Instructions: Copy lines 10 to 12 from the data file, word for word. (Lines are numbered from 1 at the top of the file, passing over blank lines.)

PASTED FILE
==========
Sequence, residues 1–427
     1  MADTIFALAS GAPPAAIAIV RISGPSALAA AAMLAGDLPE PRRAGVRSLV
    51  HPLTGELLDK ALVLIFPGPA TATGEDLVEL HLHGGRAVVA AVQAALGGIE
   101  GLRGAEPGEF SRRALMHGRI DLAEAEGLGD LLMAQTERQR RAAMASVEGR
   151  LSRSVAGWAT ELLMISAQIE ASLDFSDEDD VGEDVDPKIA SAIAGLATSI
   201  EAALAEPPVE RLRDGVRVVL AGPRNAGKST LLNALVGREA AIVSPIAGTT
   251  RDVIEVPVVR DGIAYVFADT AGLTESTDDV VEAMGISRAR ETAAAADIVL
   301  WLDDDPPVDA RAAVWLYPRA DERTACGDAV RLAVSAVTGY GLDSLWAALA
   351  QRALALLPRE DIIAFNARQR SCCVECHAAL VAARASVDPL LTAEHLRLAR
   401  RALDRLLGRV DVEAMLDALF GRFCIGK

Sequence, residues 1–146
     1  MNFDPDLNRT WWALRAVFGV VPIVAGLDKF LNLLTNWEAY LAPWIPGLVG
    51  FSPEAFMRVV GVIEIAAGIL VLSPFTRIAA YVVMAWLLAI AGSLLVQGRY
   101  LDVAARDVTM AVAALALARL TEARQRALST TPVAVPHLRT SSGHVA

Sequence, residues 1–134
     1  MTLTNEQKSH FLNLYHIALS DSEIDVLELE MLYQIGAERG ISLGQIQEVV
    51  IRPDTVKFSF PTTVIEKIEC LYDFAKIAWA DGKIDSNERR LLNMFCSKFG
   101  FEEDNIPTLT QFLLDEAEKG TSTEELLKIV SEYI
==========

   401  RALDRLLGRV DVEAMLDALF GRFCIGK

Sequence, residues 1–146
     1  MNFDPDLNRT WWALRAVFGV VPIVAGLDKF LNLLTNWEAY LAPWIPGLVG